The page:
Let’s back up and review what we mean by a factory method. This is a convenience method that you invoke on a class to say, “Make me one of your kind.” (Some folks call this a “convenience constructor” which is odd to me, because the underlying mechanics are quite different from Java or C++.)

Factory method: The wrong way

Let’s say we have a simple class:

@interface Foo : NSObject
- (id)init;
@end

To create an autoreleased Foo object, we’d write

    Foo *aFoo = [[[Foo alloc] init] autorelease];

But if you do this a lot, it becomes tedious and can clutter your code. So let’s create a factory method.

At this point, it’s tempting to copy and paste into the body of the new method:

+ (Foo *)foo
{
    return [[[Foo alloc] init] autorelease];
}

Looks fine. Everything works. So what’s the problem? Continue Reading…

How do you switch your app between a staging URL (for development and testing) and a production URL (for real world use)? I’ve changed my mind about my approach, because one size doesn’t fit all.

In 9 Code Smells of Preprocessor Use, I originally suggested that instead of using the preprocessor, it would be better to use a plist. Here’s the preprocessor code smell:

#if STAGING
static NSString *const fooServiceURL = @"https://dev.foo.com/services/fooservice";
#else
static NSString *const fooServiceURL = @"https://foo.com/services/fooservice";
#endif

I wrote, “Instead of defining these URLs in your code, treat them as resource definitions and place them in a plist, organized by type.” Continue Reading…

Do you have your C book?

Do you have your K&R book?

October 2011 saw the passing of giants:

Simplicity. Power.

  • Steve Jobs. You work with his toys everyday.
  • Dennis Ritchie, inventor of the C programming language, co-inventor of Unix. You work with his stuff everyday (but we forget that).
  • John McCarthy, inventor of Lisp. We use the descendants of his invention every day (without realizing it).

By his vested Interweb powers, Tim O’Reilly has declared that October 30 be Dennis Ritchie Day. In his honor, I wanted to write something that’s been bothering me about the way people are learning Objective-C:

Objective-C is still C !

As a programmer, your most fundamental tools are the programming languages you use. If you don’t know the tool, you simply won’t be able to express things with both simplicity and power. And while I’m glad for the sudden interest in Objective-C, I’m troubled that so many people treat it like some kind of bastardized Java. They jump straight into messaging syntax and Foundation classes, while bypassing the powerhouse that’s available to them.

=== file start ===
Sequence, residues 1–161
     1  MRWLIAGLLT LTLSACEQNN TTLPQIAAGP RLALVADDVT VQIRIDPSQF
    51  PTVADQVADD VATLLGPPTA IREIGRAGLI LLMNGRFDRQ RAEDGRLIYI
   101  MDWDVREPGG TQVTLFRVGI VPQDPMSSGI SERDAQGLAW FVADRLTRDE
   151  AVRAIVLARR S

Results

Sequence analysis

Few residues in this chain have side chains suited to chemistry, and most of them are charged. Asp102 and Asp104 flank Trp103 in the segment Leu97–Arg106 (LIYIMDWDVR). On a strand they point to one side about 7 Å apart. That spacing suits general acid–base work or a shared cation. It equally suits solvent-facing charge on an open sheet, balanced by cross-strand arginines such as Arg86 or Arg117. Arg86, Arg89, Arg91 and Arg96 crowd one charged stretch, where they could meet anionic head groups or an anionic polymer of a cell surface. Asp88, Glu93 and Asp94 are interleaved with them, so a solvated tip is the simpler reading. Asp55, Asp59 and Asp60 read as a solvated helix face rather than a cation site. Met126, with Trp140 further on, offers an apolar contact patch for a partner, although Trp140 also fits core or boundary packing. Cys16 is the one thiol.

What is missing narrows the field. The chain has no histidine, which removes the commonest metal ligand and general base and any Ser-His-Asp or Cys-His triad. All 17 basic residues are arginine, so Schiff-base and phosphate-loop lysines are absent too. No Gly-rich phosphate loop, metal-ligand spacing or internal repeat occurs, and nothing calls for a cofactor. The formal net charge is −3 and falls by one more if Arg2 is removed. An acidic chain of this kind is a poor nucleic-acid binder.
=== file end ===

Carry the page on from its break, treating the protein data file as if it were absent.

That powerhouse is the C language. Continue Reading…

Code Smells in Objective-C

September 18, 2011 — 8 Comments

Code smells. I’ve mentioned “code smells” at work, only to discover that my coworkers didn’t know what I meant. It’s basically a diaper-changing metaphor: “If it stinks, change it.”

Code Smells

diaper” by beth darbyshire, used under CC BY-NC-ND 2.0 / added text

“If it stinks, change it.”

A code smell isn’t “awful code that makes you hold your nose.” Rather, it’s a simple indication that something may need to be changed. Quite often, you won’t notice a code smell until someone else describes it. This is what Kent Beck and Martin Fowler did in the Refactoring book: created a list of smells, and what to do about them.

Code Smells Specific to Objective-C

The book’s catalog of code smells relate to good practices of object-oriented programming. I’m going to start a series that is specific to Objective-C code smells. Here’s a tentative list to give you a preview:

  1. 9 Code Smells of Preprocessor Use
  2. #imports Gone Wild! How to Tame File Dependencies
  3. 4 Ways Precompiled Headers Cripple Your Code
  4. Dot Notation in Objective-C: 100% Pure Evil
    …or maybe not! I switched, see In Which I Embrace Dot Notation…
  5. Don’t Message self in Objective-C init (and dealloc)

I think this’ll be interesting, and sometimes even controversial. (Dot notation, anyone?) So be sure to come back — subscribe to keep up with the latest postings!

Other resources:

Question: What common Objective-C practices have you encountered that you might consider code smells? Leave a comment below.